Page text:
IMG_1507


IMG_1509


The quest was worthwhile and the buns were excellent, but I think these are a bit dense for burger buns.  Good thing lots of bun recipes came to light.


Other Weekend Bakes


In addition to the Italian Sourdough, on Saturday I mixed the dough for, and Sunday I baked, Susan’s Ultimate Sourdough for the third time…and with the best results yet.  Even with less proofing and a very well pre-heated oven, I still didn’t get great oven spring. 


IMG_1503


IMG_1506


The Bread Professor (DMS) thinks maybe my oven vents too much, or I don’t have enough thermal mass to keep the steam going.   He suggests lava rocks, but didn’t say what I should do with them [smileyface].


But I’m happy with the progress.  The texture and flavor are delightful.  My chief bread enthusiast loves the chewiness and the flavor.


And Saturday night I mixed up the liquid levain for Hamelman’s Vermont Sourdough; and I mixed the dough Sunday morning and baked two batards Sunday night.  I made sure they were proofed right, and in addition to the usual cast iron skillet for steam, I spritzed them with water after about 10 minutes. 


My shaping skills have improved some (I keep watching Floyd’s great batard-shaping video).  And I got better, if not really good, oven spring.


IMG_1514


Still, not a real open crumb.  But mighty tasty.


IMG_1518


To top the weekend, this morning we had the famous Salmon Hash with a toast medley.


IMG_1525


Since the learning experience for a novice baker is enjoyable in itself, the (mostly) good bread is just a bonus.  I had the chance in one weekend to try three different sourdoughs, one with a Biga and one with a liquid levain, and different formulas, and different flavors.   I got better at shaping batards, and at reading the dough’s signals.  I do need to figure out how to get better oven spring; I’d love to get a more open crumb.


Some time this week, I’ll have to make Sourdough Pizza dough, for a Greek Pizza with the leftover lamburger and Feta.


Thanks to TFL (especially David) for all the great tips, and the fun.


Glenn

 

dmsnyder's picture
dmsnyder

5-Grain Levain from Hamelman's "Bread"

Today, I baked Hamelman's "5-grain Levain" from "Bread."


Various TFL blogs have featured this bread. They can be found by searching the site. The recipe was posted by fleur-de-liz here: Eric: Hamelman's Five-Grain Levain. She was a very active contributor to TFL at the time I joined and an inspiration to me. She encouraged me to bake this bread for the first time way back when. It is, indeed, among the most delicious breads I've ever made or tasted.




David

BLHNYC's picture
BLHNYC

Raisin Challah

Hi Everyone-


With the Jewish holidays right around the corner, I am wondering if any of you have a raisin challah recipe that you recommend. In the past I have made Nick Maligieri's braided challah but I am looking for something new- and with raisins. Suggestions for the round-shaping are welcome too!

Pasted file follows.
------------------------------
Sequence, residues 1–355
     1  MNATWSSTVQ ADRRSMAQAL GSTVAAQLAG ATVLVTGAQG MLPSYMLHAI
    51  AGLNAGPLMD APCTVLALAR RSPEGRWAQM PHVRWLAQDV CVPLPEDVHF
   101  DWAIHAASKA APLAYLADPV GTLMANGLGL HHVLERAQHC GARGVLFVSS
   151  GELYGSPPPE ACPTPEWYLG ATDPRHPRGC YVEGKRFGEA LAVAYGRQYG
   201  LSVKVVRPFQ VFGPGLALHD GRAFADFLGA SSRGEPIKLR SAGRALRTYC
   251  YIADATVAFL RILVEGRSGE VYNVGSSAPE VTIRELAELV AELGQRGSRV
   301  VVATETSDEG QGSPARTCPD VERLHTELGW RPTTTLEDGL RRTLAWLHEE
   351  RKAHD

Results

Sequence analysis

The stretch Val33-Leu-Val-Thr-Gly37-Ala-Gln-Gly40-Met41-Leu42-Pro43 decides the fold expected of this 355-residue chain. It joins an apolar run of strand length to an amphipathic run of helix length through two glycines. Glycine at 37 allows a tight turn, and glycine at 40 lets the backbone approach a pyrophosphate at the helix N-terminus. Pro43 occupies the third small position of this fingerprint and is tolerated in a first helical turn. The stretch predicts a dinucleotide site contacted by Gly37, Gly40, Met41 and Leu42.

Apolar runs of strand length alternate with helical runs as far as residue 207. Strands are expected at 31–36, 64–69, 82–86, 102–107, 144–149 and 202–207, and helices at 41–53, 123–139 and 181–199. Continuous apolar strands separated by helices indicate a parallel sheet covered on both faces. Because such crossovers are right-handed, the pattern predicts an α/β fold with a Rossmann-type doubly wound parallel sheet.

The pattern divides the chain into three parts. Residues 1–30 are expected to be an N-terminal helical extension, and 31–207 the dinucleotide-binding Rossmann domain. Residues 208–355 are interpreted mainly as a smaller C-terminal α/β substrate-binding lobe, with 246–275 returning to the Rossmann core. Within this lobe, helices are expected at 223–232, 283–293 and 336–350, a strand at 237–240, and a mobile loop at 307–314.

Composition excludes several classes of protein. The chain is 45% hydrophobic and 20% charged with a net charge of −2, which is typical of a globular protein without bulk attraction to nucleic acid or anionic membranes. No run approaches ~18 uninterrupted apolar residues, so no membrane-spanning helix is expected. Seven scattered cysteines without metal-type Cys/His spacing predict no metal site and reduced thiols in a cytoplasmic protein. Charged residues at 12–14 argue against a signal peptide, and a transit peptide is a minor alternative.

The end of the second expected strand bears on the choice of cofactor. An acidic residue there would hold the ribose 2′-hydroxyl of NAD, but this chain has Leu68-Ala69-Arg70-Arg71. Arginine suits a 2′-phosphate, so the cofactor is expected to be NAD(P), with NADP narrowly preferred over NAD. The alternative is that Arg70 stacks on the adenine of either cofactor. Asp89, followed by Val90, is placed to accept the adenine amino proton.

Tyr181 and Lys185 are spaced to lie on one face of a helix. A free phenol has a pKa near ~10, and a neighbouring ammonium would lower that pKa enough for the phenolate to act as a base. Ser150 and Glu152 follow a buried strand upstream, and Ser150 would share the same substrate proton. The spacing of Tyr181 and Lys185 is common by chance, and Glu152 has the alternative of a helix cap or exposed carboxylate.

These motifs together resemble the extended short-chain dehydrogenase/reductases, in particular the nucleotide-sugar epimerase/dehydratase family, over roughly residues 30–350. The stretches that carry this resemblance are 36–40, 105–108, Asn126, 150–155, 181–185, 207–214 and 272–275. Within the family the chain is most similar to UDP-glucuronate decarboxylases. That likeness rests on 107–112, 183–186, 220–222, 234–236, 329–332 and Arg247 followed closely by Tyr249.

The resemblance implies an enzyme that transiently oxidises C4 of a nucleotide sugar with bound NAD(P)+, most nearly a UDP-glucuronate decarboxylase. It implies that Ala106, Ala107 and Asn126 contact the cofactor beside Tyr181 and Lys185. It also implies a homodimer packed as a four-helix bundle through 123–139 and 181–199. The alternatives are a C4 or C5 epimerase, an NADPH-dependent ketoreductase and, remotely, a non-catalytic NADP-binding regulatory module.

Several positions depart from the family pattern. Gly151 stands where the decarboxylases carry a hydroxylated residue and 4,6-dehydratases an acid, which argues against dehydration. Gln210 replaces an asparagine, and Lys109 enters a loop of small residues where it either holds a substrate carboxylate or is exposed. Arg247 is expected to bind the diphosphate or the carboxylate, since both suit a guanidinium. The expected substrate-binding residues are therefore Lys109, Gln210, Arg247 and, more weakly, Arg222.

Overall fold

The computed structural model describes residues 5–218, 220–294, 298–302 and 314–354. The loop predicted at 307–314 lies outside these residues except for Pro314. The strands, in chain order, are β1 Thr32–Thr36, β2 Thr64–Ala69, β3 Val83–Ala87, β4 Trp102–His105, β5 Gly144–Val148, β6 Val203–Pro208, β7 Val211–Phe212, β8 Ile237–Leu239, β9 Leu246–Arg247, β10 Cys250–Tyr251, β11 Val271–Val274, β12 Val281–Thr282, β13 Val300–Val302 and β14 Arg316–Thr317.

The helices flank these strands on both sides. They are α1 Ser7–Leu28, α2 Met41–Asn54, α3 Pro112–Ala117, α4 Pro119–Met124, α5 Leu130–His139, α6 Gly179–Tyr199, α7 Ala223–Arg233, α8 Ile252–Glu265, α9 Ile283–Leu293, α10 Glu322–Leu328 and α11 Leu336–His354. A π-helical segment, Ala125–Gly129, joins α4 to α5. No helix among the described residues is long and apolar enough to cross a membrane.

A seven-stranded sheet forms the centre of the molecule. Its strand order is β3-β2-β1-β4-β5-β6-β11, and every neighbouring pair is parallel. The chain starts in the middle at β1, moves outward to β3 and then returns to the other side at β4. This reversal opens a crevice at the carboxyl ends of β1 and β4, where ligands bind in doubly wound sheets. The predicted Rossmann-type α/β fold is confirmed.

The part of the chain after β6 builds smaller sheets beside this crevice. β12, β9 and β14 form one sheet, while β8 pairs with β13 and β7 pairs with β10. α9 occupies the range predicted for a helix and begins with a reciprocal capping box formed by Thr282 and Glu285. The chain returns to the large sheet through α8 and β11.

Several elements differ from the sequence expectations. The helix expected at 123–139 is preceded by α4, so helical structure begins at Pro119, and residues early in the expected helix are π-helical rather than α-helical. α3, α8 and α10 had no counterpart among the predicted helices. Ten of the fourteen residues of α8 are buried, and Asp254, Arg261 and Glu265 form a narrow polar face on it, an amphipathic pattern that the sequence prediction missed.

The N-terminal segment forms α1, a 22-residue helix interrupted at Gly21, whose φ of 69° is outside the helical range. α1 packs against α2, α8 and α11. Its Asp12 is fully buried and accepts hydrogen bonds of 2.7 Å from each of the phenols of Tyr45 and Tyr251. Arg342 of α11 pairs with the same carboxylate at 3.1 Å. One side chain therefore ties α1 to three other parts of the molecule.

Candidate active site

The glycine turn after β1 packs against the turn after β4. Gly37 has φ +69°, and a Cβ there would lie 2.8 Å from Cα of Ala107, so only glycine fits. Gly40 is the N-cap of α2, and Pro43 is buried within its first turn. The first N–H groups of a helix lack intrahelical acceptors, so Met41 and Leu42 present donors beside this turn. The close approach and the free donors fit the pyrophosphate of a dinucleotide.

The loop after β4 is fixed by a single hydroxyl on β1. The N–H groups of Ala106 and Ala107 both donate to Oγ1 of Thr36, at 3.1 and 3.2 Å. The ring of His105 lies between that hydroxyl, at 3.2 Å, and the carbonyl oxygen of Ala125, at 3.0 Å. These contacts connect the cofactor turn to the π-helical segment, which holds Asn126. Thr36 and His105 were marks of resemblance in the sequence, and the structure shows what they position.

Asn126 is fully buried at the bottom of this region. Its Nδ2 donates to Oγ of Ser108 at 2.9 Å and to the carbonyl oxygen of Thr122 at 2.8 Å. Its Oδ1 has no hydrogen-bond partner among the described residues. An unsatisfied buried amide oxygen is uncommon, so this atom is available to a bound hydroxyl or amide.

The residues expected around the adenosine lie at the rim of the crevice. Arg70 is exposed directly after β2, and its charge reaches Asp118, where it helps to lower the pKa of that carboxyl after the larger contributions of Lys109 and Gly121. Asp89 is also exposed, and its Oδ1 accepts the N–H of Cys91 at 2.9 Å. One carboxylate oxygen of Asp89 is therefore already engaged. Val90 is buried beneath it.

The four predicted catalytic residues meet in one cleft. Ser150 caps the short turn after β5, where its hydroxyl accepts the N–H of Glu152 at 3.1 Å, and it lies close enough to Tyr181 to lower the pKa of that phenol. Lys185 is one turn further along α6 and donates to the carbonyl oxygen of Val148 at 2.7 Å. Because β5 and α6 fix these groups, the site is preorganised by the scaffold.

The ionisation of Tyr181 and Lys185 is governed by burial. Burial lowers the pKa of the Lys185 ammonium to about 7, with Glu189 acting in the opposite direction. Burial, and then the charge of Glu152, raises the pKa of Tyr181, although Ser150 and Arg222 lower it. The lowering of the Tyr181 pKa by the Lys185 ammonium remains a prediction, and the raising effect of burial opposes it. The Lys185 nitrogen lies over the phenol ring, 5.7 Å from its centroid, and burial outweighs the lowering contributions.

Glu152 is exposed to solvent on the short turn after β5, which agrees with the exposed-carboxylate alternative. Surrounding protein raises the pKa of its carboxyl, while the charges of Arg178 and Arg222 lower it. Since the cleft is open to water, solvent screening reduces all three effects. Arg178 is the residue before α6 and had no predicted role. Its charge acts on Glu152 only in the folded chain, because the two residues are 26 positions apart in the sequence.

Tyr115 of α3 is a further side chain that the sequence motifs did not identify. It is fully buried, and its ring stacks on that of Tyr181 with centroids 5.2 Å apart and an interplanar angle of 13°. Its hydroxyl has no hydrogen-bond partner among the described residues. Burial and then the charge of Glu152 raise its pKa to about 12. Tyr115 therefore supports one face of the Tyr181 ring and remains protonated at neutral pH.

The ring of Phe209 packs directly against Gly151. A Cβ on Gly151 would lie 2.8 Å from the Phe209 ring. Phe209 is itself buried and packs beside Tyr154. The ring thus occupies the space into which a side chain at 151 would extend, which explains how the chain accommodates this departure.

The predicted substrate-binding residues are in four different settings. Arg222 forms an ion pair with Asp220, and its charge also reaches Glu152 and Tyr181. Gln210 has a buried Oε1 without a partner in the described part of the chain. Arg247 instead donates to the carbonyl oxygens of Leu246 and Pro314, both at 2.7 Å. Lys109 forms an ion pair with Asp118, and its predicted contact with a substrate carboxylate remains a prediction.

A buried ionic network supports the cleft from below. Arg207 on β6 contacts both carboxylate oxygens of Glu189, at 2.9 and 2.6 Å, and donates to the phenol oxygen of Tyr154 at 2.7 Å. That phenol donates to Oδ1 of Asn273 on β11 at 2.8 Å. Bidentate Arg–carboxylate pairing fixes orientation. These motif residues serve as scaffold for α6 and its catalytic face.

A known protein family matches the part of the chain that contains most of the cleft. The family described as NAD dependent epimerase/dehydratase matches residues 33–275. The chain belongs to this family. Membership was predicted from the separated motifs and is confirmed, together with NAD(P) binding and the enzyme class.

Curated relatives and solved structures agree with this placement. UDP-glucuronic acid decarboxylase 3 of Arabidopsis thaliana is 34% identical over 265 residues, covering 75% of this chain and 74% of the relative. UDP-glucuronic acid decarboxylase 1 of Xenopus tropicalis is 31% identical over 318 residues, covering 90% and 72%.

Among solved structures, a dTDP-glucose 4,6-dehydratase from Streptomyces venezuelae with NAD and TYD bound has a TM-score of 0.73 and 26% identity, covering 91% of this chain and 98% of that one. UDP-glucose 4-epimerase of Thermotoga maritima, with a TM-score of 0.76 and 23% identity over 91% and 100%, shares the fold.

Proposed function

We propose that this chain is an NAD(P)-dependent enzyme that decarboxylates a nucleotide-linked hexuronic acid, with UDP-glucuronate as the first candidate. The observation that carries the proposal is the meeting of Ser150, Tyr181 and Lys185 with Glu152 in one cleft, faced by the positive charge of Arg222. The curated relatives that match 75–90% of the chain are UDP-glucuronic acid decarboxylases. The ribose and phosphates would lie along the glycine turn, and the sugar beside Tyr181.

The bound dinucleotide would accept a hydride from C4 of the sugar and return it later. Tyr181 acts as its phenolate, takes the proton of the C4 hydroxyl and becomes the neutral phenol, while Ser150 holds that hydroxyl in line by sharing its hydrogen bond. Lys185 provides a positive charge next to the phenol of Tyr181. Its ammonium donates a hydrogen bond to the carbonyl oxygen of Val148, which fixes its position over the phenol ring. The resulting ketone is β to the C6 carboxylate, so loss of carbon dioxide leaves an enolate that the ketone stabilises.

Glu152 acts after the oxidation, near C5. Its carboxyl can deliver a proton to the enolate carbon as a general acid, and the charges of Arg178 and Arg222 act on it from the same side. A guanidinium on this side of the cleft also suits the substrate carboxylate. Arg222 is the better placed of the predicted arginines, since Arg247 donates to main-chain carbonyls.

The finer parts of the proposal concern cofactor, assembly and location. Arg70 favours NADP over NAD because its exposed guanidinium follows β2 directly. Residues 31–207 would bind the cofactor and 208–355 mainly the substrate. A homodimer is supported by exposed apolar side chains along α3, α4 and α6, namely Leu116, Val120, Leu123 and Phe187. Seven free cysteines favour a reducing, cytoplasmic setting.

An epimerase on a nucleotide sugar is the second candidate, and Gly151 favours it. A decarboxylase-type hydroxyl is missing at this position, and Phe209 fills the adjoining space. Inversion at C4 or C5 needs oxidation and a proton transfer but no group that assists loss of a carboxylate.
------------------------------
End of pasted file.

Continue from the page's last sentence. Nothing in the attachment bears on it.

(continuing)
Thanks!
Beth

dvuong's picture
dvuong

Another Stretch and Fold Technique post

I decided to try PR's Pain a l'ancienne recipe from ABED last night.  I noticed in this book that he introduced the S&F technique (I'm not sure if it was introduced in any of his other books).  From reading the forums, many of you suggest S&F at least 20 minute intervals but in PR's book, he suggests 10 minute intervals.  Is there any logic behind this?  It would be great if I could S&F all doughs at 10 minutes since it would save a lot of time.


I apologize if this question has been asked before - I am very new to bread baking!  I've searched the forum and couldn't find an exact answer to my question.  Also, would S&F work on all types of doughs or would hand kneading be a superior method for some?  In the past, I kneaded in my mixer but have now switched to hand manipulating my doughs.  I find it much more satisfying and therapeutic!


TIA!!

JoPi's picture
JoPi

Bread from 1918

Here you will find a Government issued Bread book from October 1918  titled "Victory Breads".  It's just a few pages with some WWI info in there.  


 


http://www.archive.org/stream/victorybreads00unit#page/n1/mode/2up


 


JP

fastmail98's picture
fastmail98

Anyone Use a French Bread Pan?

Good Morning, Fellow Bakers...:)


Perhaps this question has been asked, but when making baguettes yesterday I was cuious about another kitchen gadget: French bread pans. Does anyone use them? My baguettes come out fine, but I would like a more tubular shape. Perhaps if I added more surface tension on the dough I would get it, eh? The pans available through Chicago Metallic, etc. are coated with a non-stick coating that, like all of the coatings, release chemical fumes at 500 degrees or so (depending on whose tests you read). I pre-heat my oven to 500 degrees to get my baking stone really hot and to use a steam pan for a firmer crust. Any suggestions for a non-non-stick French bread pan? Thanks!




Russ